IBM sets up fund for displaced workers

IBM will create a $25m, two-year training fund to assist employees who fear their that jobs are at risk of being shipped away to...

IBM will create a $25m, two-year training fund to assist employees who fear their that jobs are at risk of being shipped away to lower-cost locations, said company executives at IBM's PartnerWorld conference.

The growing clamour in the US and the UK about jobs lost to outsourcing unnecessarily begrudges the employment gains of "countries that are simply trying to improve the standards of living of their people", IBM chairman and chief executive officer Sam Palmisano said during a keynote address at the conference in Las Vegas.

The fund, called the Human Capital Alliance, will help workers in positions likely to be affected by the outsourcing trend to retrain for new jobs, ideally with IBM or one of its business partners, according to IBM spokesman Clint Roswell.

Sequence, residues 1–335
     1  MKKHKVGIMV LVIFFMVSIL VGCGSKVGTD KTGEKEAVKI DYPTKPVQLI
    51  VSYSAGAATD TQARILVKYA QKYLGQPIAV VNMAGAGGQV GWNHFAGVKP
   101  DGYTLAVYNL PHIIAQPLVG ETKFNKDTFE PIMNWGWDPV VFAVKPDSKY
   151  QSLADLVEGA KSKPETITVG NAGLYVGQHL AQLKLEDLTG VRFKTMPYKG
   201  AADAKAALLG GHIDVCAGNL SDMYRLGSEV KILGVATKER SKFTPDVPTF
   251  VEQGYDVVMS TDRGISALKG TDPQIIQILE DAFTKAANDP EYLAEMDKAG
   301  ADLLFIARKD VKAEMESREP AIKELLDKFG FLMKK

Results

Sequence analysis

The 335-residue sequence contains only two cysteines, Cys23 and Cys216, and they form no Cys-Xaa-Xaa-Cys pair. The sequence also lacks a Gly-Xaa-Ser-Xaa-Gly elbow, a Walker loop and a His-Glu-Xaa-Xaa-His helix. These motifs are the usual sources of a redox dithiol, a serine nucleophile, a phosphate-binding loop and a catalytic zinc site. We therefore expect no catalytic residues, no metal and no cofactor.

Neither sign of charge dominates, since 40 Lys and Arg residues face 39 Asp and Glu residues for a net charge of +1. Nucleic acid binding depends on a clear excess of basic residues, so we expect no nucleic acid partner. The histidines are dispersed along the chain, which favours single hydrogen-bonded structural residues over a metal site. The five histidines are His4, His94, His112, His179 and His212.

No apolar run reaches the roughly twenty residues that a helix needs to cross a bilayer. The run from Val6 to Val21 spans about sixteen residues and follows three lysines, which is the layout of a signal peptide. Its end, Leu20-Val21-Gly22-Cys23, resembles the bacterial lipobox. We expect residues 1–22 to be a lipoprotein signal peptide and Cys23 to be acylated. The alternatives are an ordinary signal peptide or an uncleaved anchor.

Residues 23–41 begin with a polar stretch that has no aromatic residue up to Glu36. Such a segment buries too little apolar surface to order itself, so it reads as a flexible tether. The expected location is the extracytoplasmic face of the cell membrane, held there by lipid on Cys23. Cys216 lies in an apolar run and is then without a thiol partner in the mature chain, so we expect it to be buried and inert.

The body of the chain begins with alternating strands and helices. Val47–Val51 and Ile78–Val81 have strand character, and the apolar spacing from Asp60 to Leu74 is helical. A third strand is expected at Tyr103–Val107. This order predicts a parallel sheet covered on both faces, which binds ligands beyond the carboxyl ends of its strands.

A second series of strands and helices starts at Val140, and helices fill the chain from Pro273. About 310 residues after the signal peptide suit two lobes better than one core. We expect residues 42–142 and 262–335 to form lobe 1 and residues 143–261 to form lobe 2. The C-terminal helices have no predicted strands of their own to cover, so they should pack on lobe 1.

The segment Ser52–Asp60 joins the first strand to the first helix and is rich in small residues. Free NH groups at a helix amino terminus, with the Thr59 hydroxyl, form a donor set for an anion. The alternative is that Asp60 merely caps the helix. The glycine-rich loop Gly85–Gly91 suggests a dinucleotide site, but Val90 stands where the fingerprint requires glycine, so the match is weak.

At its current budget size, the Human Capital Alliance won't be a large programme, but Roswell estimated that it could be used to aid several thousand employees. Its scope will be global, but its aim will be to assist employees in developed countries, including the US and the UK. The fund's potential uses also include relocation and placement costs.

IBM said it will work with its business partners to determine fields in which employees should be retrained. Technologies the company considers strategic include Linux, web services and business transformation consulting. Roswell cited data entry and legacy application development as examples of areas out of which IBM would seek to move its employees.

IBM has an uneasy relationship with the outsourcing issue.It speaks openly about the savings it has seen from outsourcing some manufacturing work, and it encourages other companies to outsource IT work to specialists like IBM.

At the same time, IBM is eager not to be seen as moving jobs out of the US to developing countries as a cost-cutting move. When corporate documents leaked last year suggesting that executives were pursuing such a strategy, IBM officials insisted that expansions in its workforce in places such as India and China would not come at the expense of jobs elsewhere.

Last month, IBM said it is in the process of hiring 15,000 new employees worldwide.

Stacy Cowley writes for IDG News Service

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